Up for something different this Halloween besides alliteration? Sure, there's the haunted houses, the costume parties, and the outdoor activities while the fall weather lasts. It's all great fun. And why not? But how about adding a slight twist to tradition?
As President of the National Center for Public Research I invite you to 1) give a health-promoting treat or two this year and 2) help kids and parents take the Good Food Pledge.
Big snooze, you're thinking. But hold on. This isn't as boring as it sounds. And if you suffer through a few more paragraphs, you'll hear our jaded costume ideas.
Here's how it will work at our house on October 31st:
Little Timmy and Tabitha ring the bell and holler "trick-or-treat" when we open the door. They are followed by hoards of other kids with similar sounding vocals. All in costumes. Some scary. Some colorful. All have that persistent look: I will collect as much candy today as is humanly possible for one small child despite the annoying limitations imposed by my parents. That was always my goal as a youngster. My best friend and I would run full-speed from house to house to fill- up our lush green Marshall Field's shopping bags before our parents' interpretation of curfew set-in.
That was long ago. But I still enjoy dressing up for Halloween. And I still have a sweet tooth. I mean, really - who doesn't? How about an appropriately-sized warmed-up brownie with just a smidgen of French vanilla ice cream? Followed by a wee dram of twenty-year-old Ferreira tawny port on that even less frequent but certainly special occasion for those responsible grown-ups now of legal drinking age?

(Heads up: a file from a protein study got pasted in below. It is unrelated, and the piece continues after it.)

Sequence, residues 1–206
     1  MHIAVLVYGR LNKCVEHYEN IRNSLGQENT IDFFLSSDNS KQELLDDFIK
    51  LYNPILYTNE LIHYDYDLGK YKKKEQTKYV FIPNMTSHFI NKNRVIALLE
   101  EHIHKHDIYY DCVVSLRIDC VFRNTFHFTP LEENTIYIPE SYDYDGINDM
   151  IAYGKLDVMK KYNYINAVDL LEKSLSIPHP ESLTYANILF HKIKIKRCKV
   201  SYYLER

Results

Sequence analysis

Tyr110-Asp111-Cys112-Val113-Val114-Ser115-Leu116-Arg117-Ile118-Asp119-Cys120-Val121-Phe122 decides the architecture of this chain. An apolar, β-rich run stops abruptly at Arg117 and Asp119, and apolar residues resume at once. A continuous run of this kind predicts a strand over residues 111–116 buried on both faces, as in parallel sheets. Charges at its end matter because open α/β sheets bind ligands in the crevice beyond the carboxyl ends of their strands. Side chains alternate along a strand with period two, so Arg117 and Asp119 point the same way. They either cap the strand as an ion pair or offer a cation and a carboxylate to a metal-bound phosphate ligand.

I suppose that'd be nice.
And why not? Almost any kind of food and drink in moderation is okay.
The problem is that many children are eating candy and other "foods" high in salt, fat, and sugar, and drinking soda with high concentrations of caffeine and #2 corn, not just on Halloween, but most of the time, and during the period of their lives where regular nutrition is desperately needed. It is no mere coincidence that many of these same children are suffering from adult-level diet-related diseases such as diabetes and obesity in record numbers. Many are having trouble paying attention in school. Graduating. Getting a decent job. Getting any job. Getting health insurance. Staying well.
Growing up: it's difficult today for many children. Poor nutrition is one of many factors that play a role. Halloween is not the culprit. But it can be an opportunity to stand up for good food while keeping the spirit of the season and not being a total curmudgeon. Everyone can do a little something to help improve the lives of children.
So back to Timmy and Tabitha. This year when they ring the bell at the house where we live and holler "trick-or-treat" they're in for a surprise: jump ropes, little prepackaged bags of apple slices, and a copy of the National Center for Public Research Good Food Pledge. Seriously.
You're thinking: hey, we can do this at our house, too, and maybe not get egged or snickered at - and it's true!
First, as statisticians, we've run a number of highly rigorous probability scenarios; the chances of getting egged after providing nutrition information are very low. Kids actually do like it when you show an interest in them even though they sometimes choose to keep that information to themselves.
Second, the jump ropes are more cost effective than you might think. At our local party store, we snagged a few "value packs" of 20 for just $9.98 a pack.
The cost of prepackaged, organic, locally-grown apple slices in bio-degradable edible free range soy ink wrappings? Let's not have that conversation just yet. But jokes aside, the point is that food that will make you healthy costs more than food that will make you sick if eaten on a regular basis. Don't forget that the cost of cheap food isn't so cheap after all. Someone always pays. Direct costs are borne on the quality and length of life. Indirect costs are borne by the heath care industry, by employers, by government agencies, by taxpayers, by me and you, and by others who take on the financial burden of pre-death treatments.